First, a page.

The global dirty money watchdog blacklisted Iran on Friday after failing to comply with international counter-terrorism standards. This will deepen the country's isolation from the financial markets.
The decision was made after more than three years of warning from the Paris-based Financial Action Task Force (FATF) asking Iran to either adopt terrorist financing conventions or to remove the blacklist and to take some countermeasures.
"Given Iran's failure to adopt the Palermo and Terrorist Funding Conventions in accordance with FATF standards, the FATF has fully suspended countermeasures and urged its members and urged all jurisdictions to take effective countermeasures." The group's 39 members said in a statement after a week-long plenary session.
This would mean a closer examination of the transactions with Iran, a stricter external examination of the financing companies operating in the country and additional pressure on the few foreign banks and companies that still have to do with Iran.
"The consequence of the (Iranian) inaction is higher borrowing and isolation costs from the financial system," a Western diplomat told Reuters.
The United States praised the task force's action after Tehran failed to meet FATF standards.
Iran "must have consequences if it continues to disregard international standards," said Secretary of State Mike Pompeo in a statement.
The Iranian central bank chief rejected the FATF's decision. "(It) is politically motivated and not a technical decision," quoted the state news agency IRNA Abdolnasser Hemmati. "I can assure our nation that this will have no impact on Iran's foreign trade and the stability of our exchange rate."
The FATF appeared to be leaving the door open to engagement with Iran, saying in its statement: "Countries should also be able to take countermeasures regardless of whether the FATF requests it."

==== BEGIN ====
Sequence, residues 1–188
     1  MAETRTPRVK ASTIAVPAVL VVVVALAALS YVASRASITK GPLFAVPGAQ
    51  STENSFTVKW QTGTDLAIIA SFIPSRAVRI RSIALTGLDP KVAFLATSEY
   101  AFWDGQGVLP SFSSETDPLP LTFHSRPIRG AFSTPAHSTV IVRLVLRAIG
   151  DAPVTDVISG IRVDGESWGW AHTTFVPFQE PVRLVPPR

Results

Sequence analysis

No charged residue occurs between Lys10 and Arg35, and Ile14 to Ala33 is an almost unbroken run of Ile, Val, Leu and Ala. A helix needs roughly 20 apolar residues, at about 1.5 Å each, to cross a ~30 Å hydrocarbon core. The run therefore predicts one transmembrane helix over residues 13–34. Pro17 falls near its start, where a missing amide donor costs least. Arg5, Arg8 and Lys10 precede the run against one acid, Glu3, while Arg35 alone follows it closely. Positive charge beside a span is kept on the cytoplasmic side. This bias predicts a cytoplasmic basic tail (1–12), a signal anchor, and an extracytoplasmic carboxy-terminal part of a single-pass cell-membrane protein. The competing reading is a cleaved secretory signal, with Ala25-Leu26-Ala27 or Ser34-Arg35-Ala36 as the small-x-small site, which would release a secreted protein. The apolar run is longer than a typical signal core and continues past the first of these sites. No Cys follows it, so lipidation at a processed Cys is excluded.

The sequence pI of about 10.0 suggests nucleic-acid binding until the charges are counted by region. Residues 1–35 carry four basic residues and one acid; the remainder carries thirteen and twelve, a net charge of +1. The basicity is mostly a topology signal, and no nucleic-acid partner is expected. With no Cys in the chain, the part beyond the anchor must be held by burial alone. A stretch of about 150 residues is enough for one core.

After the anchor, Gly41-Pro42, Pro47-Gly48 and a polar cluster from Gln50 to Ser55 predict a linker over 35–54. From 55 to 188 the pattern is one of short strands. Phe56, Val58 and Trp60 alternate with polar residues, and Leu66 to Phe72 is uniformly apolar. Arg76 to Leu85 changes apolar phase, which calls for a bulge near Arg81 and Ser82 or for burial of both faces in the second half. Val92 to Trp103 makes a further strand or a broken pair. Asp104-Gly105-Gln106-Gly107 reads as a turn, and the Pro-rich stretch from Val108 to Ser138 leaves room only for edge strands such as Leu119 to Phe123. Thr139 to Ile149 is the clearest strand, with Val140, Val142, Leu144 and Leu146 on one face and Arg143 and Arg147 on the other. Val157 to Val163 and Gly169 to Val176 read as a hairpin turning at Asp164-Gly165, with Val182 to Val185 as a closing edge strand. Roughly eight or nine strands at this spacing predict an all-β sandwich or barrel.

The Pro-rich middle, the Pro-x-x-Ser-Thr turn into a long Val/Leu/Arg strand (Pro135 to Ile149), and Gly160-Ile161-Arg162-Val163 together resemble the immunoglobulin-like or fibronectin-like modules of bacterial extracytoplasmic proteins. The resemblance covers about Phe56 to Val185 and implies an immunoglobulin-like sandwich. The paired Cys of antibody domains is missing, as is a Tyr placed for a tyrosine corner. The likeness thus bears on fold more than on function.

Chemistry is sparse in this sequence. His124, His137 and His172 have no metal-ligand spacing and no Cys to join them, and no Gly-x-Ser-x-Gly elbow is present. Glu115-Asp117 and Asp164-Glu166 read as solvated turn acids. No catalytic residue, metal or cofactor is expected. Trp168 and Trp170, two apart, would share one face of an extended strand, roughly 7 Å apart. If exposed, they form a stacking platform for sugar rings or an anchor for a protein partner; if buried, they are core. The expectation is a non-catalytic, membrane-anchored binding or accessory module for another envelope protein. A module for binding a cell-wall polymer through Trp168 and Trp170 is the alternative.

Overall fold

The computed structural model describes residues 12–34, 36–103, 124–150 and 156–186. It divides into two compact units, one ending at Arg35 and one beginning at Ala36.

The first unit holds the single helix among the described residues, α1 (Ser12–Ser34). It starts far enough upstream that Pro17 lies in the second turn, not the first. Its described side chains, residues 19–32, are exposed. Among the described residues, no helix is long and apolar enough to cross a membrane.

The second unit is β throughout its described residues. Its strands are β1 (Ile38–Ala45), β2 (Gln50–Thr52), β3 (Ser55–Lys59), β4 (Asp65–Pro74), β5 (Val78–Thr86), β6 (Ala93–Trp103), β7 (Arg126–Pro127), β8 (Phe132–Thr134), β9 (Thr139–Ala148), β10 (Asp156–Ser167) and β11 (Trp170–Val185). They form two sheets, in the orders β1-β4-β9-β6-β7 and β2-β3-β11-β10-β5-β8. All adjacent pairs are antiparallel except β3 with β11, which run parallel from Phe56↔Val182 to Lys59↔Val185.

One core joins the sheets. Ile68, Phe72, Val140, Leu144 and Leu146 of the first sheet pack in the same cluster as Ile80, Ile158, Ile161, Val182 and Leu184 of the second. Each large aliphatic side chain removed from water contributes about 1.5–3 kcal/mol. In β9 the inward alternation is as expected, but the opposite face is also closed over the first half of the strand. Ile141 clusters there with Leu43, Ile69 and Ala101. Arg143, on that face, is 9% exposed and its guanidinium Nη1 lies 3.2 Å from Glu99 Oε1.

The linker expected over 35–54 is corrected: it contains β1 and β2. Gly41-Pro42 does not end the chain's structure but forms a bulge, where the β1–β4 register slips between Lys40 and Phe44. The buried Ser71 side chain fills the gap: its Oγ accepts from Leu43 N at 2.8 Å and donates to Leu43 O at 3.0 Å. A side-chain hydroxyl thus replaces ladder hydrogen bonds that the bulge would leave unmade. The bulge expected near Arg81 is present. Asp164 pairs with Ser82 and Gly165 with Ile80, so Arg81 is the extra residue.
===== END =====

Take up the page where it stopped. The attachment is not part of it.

"It is a medium solution. It is a kind of fudge to leave the door open for the Iranians," said one of the diplomats.
Foreign companies say Iran’s compliance with FATF rules is crucial if it wants to attract investors, especially since the U.S. again sanctioned Tehran in 2018 after it canceled a 2015 nuclear deal with Iran and other major powers ,
The Iranian leaders were divided over the approach to the FATF.
Cooperation advocates say this could facilitate foreign trade with Europe and Asia and offset US sanctions. Hardliners argue that passing laws to join the FATF could hamper Iran's support for its allies, including Lebanese Hezbollah.
Washington has since pursued a "maximum pressure" policy on Iran, declaring that a broader agreement should be negotiated that includes nuclear issues, Iran's ballistic missile program and Iranian support for Middle East proxy agents.
France, Britain and Germany have tried to save the nuclear deal, but have been increasingly pressured by the United States to join their efforts to isolate Iran.
"The United States pushed for the toughest position (from the FATF), while other countries like China and Russia preferred something more flexible," said a European official. "The Europeans were looking for something in between."
US sanctions have paralyzed the Iranian economy, decimated its oil exports and largely isolated it from the international financial system.
"Until Iran takes the necessary measures to address the identified shortcomings in the fight against terrorist financing … the FATF will continue to deal with the risk of terrorist financing posed by Iran and the associated threat to the international financial system," said the FATF.
The Iranian action plan implemented in 2016 to meet the FATF requirements expired in January 2018.
Secretary of State Mohammad Javad Zarif appeared resigned to the FATF's blacklist this week and accused Washington of using his campaign at maximum pressure to influence the FATF.
In another important decision on Friday, the FATF granted Pakistan an additional four months to meet the anti-terrorist funding standards and initially kept Islamabad on its "gray list" of countries that do not adequately comply with its rules.
(Except for the headline, this story was not edited by NDTV staff and published from a syndicated feed.)